Clan Destine Press is bringing out a new anthology And Then, and you can read interviews with the authors here over the next few weeks. There is also an Indiegogo campaign, to which y’all can contribute here.
Today Emilie Collyer talks about her story “The Panther’s Paw”.
Take one anti-social, introverted, gifted animal communicator. Add one rich kid, life of the party boy. Force them together in a high stakes, deep sea chase. Set it in a solar punk future. Mix. Meet Eliza Wild and Dash Besen. It’s going to take a new kind of odd couple to save this world.
What inspired your story/novelette?
I’d read an article about this emerging genre called solar punk ( http://www.abc.net.au/environment/articles/2014/11/10/4122309.htm ) and was fascinated. I loved the idea of science fiction writing that helped us imagine a better world rather than the many versions of dystopia we have become accustomed to seeing. I was excited to set a story in such a world (not to mention the god-like rush of creating the kind of future I want to see). The challenge of course was to still provide a sense of drama, danger and adventure. If my heroes weren’t up against a faceless oligarchical corporation or totalitarian government or post-apocalyptic wasteland, what would they be up against? This challenged me to drill down to human (and other sentient being) motivators like the desire for power, knowledge and revenge. From there I started to play and soon discovered my adventurous duo.
What appealed to you about this project?
The challenge of writing a rollicking adventure story was thrilling and scary. I write a lot of speculative fiction and plays and there is often a mystery at their heart. But to consciously create an adventure duo and write a story for them felt like a new and wonderful challenge. I also loved the idea of being included in an anthology with so many different and diverse writers, and so many writers who I hugely admire.
What advantages does a long-short form offer?
For me, in this story specifically, it’s all about world building. Because I’ve set the story in an imagined future I had to give enough time in the story for the reader to (hopefully!) get a full sense of the world. That would have been tricky with a limited word count. I also love the idea of continuing to write in this world and for these characters, so the longer format meant I could spend some time on character development. The duo meet at the start of the story so their relationship is very new and develops along with the reader. It appeals to me that readers get to spend long enough with these characters that they’d be curious about what might happen to them next.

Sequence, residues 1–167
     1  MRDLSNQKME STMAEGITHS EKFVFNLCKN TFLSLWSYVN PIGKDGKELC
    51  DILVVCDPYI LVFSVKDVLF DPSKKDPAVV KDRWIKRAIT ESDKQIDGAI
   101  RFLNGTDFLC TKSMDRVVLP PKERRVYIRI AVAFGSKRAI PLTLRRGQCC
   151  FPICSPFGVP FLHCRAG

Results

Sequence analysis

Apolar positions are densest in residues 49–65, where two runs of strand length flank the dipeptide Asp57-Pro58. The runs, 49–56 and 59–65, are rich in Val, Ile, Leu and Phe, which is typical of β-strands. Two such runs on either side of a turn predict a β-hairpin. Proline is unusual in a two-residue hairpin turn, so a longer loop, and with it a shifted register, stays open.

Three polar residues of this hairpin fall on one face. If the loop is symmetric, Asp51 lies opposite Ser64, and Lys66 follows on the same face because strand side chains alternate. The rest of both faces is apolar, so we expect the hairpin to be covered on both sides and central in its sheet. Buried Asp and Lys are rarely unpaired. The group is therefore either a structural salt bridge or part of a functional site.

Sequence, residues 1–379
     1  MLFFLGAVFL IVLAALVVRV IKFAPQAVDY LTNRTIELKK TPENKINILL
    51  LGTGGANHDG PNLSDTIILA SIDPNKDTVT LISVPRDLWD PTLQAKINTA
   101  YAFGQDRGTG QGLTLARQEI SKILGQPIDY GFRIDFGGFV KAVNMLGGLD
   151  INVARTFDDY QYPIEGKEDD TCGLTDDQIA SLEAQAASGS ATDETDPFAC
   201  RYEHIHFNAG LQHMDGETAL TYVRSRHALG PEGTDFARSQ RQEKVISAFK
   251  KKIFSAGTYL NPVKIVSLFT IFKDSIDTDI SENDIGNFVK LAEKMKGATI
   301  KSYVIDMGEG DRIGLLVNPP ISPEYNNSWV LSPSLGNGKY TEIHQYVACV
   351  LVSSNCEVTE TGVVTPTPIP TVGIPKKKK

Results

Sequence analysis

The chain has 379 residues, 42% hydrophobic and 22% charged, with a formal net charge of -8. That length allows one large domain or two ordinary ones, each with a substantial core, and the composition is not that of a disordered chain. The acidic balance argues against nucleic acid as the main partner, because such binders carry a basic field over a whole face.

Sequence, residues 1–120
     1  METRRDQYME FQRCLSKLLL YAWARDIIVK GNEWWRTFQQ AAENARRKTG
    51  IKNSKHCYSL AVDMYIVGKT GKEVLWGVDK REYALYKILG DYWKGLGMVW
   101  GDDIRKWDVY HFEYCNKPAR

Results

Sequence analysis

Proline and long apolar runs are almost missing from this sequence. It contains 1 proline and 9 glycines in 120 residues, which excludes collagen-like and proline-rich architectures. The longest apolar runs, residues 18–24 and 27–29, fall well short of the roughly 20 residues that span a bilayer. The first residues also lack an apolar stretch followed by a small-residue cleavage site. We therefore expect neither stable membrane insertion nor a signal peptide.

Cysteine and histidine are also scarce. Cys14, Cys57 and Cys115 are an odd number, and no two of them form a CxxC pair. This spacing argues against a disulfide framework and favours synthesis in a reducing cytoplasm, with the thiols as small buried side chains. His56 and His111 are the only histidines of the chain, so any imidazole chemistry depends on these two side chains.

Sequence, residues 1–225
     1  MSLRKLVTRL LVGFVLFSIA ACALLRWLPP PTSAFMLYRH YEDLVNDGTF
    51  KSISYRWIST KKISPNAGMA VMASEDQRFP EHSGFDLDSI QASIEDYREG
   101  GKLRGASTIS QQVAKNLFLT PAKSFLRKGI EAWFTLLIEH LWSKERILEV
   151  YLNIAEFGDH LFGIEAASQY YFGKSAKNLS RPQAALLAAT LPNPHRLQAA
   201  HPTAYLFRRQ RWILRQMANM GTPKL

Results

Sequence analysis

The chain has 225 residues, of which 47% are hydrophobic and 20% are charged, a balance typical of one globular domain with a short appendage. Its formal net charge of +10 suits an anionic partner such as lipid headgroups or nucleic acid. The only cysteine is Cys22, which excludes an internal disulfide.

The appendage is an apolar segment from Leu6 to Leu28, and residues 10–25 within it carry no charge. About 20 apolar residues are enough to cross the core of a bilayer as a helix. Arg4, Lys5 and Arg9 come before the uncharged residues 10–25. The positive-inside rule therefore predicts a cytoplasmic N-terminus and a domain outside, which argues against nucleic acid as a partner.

The future of short fiction is …
Varied, exciting, energised, packed with potential. There is no shortage of talented writers, both novice and experienced, who are intrigued by short form fiction and grapple with it or come back to it time and again. Readers continue to devour short fiction in all kinds of shapes, formats and genres. Online creates more opportunities for writers and readers to meet across countries, cultures and borders which is also terrifically exciting.
What’s next for you?
My play The Good Girl is having its premiere US season off broadway in New York at 59E59 Theaters in February 2016. The play had a short season at Melbourne Fringe in 2013 where it won Best Emerging Writer Award. It’s a sci-fi play about a world in which all sex work is performed by robots and deals with questions of power, gender, consciousness and ethics. I’m thrilled to have received a Melbourne City of Literature grant so I can go over to attend rehearsals of the play and be there for the opening week. Other than that, I’m excited that my short story “In The Slip” will appear in coeur de lion’s Dimension6 Issue 7, and I have a novel, new play and a bunch of speculative stories on the boil.
Emilie Collyer is an award winning playwright and author. Her play The Good Girl (2013) won Best Emerging Writer Melbourne Fringe, a Green Room nomination and will have its US premiere in New York in February 2016. Dream Home (shortlisted 2013 Patrick White Award) had a critically acclaimed and sold out season at Darebin Arts Speakeasy in 2015. Her spec fic stories have twice won the Cross Genre category in the Scarlet Stiletto crime writing awards as well as a Second Prize win. Recent publications include stories in Allegory (USA) and Cosmic Vegetable (USA). Emilie has two collections of short fiction published with Clan Destine Press.
Website: www.betweenthecracks.net or connect via Twitter @EmilieCollyer